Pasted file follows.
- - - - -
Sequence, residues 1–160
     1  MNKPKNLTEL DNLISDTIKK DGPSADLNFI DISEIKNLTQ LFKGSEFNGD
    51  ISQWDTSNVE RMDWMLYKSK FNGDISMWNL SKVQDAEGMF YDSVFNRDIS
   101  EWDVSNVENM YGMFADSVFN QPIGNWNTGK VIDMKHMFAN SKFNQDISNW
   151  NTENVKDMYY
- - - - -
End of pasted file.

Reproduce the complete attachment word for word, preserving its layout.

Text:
Sequence, residues 1–160
     1  MNKPKNLTEL DNLISDTIKK DGPSADLNFI DISEIKNLTQ LFKGSEFNGD
    51  ISQWDTSNVE RMDWMLYKSK FNGDISMWNL SKVQDAEGMF YDSVFNRDIS
   101  EWDVSNVENM YGMFADSVFN QPIGNWNTGK VIDMKHMFAN SKFNQDISNW
   151  NTENVKDMYY